This is our ******* city

The story of how the Boston bombings inspired the Red Sox to win the 2013 World Series.

On a sunny Sunday in 2013, the city of Boston awoke to celebrate Patriots Day. To me and you, Patriots Day is an institution in the state of Massachusetts. This holiday honours the first battles of the Revolutionary War, with both the Boston Marathon and the traditional 11 a.m. Red Sox game taking place on the day.

The 2013 Patriots Day marked the 117th running of the Boston Marathon, which started that morning with over 30,000 runners taking part. As the clock struck 11 a.m., the first pitch was thrown at Fenway as they welcomed the Toronto Blue Jays. Following nine innings of play, the Red Sox secured a 3-2 victory in a game that was soon to be forgotten. 

The festive atmosphere of Patriots’ Day was shortly interrupted just shy of 3pm, as a pair of bombs detonated near the marathon’s finish line on Boylston Street. Planted by brothers Tamerlan and Dzhokhar Tsarnaev, the bombs left three people dead and hundreds injured, many with missing limbs.  

For the next five days, Boston was on lockdown until that Friday night, when Dzhokhar Tsarnaev and his brother were arrested, following an extensive manhunt. During that week and the rest of that season, the Red Sox became a symbol of the city’s resilience.

The following day all eyes returned to Fenway as the Red Sox returned to play the Kansas City Royals. In a pre-match ceremony, the Red Sox gave thanks to the Boston Police and elected leaders for their efforts in tracking down the two brothers. It was during this ceremony that designated hitter David Ortiz gave an emotional speech expressing the thoughts of many in the city and around the country: “This is our f*cking city. And nobody’s going to dictate our freedom. Stay strong.”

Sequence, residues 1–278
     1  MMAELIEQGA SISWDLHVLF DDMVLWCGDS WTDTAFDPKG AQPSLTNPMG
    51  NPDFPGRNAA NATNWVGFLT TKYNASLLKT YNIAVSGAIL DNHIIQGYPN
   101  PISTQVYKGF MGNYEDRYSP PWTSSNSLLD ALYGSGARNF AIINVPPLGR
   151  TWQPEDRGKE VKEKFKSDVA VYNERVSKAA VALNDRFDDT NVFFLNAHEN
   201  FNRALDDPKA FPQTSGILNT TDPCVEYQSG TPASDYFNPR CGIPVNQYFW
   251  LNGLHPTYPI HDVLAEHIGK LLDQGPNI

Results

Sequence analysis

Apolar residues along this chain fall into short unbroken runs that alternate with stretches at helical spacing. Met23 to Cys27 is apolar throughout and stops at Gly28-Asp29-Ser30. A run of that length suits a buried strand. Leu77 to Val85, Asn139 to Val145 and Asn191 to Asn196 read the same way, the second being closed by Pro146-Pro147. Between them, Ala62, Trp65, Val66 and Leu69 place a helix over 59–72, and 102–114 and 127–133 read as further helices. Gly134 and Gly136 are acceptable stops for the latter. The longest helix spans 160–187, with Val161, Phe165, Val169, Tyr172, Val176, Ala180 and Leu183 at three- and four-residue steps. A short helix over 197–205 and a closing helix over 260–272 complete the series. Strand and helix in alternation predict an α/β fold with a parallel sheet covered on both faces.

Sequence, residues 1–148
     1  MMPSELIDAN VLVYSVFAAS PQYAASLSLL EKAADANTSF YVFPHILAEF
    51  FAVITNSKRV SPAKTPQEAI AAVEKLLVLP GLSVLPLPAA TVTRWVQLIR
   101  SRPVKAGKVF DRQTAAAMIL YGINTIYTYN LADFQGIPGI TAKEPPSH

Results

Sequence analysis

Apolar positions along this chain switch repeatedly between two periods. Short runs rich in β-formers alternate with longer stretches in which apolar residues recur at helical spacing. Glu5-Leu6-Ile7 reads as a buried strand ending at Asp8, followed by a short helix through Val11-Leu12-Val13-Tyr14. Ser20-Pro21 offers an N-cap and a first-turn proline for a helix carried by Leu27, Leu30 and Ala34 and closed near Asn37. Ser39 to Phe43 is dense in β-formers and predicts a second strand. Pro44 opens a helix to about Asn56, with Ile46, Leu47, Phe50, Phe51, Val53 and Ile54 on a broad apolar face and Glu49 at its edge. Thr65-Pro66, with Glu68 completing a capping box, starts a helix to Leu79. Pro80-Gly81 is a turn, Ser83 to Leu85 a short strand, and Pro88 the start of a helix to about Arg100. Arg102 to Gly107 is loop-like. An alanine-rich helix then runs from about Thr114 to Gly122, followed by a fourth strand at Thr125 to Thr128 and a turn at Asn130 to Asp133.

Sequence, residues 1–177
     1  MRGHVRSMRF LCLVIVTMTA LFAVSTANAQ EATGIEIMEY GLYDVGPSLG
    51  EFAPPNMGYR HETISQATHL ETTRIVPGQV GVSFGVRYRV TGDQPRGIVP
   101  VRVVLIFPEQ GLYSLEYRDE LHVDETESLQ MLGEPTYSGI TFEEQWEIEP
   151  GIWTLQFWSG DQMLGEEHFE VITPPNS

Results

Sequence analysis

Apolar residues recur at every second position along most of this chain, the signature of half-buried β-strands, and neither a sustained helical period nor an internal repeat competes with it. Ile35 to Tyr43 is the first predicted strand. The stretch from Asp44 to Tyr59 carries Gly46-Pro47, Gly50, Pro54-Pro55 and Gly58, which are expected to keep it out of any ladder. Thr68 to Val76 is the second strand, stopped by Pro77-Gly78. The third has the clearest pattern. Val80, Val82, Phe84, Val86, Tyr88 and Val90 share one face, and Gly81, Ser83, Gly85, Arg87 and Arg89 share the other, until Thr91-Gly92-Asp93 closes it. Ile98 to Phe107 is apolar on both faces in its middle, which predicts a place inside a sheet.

These choice words became a rallying cry and played into the greater narrative of the Boston Strong movement. In games after the marathon, the Red Sox hung a jersey on the dugout saying Boston Strong and 617, representing the city’s area code.

As they entered October (the exciting stage of the baseball season) the Sox were in the play-offs, having finished the regular season on 97-65. This is even more impressive when you consider that in the previous season they had come last in the American League East, with a record of 69-93. 

Boston opened the playoffs by defeating the Tampa Bay Rays in four games in the Division Series. Then in the American League Championship Series, the Red Sox defeated the Detroit Tigers four games to two to win their 13th American League pennant.

The Red Sox would then go on to win the World Series by defeating the Cardinals in six games, clinching the championship at Fenway for the first time in 95 years. The traditional duck boat parade ensued like it always does (11 times in the last 17 years) but this time the route stopped by the Marathon finish line on Boylston Street. It was there that the World Series trophy and the original Boston Strong 617 jersey were placed on the finish line. This signified a tragedy that had turned into a triumph.

It is amazing how sport can galvanise a city or a nation in its darkest hour. I do not think you need to look further than the bombings and the Boston Strong movement being lynchpins for the Red Sox winning the World series some six months later. At every step of the way that team visited hospitals, they honoured victims, they played baseball but most importantly they won the World Series.

“This is our f*cking City” – David Ortiz

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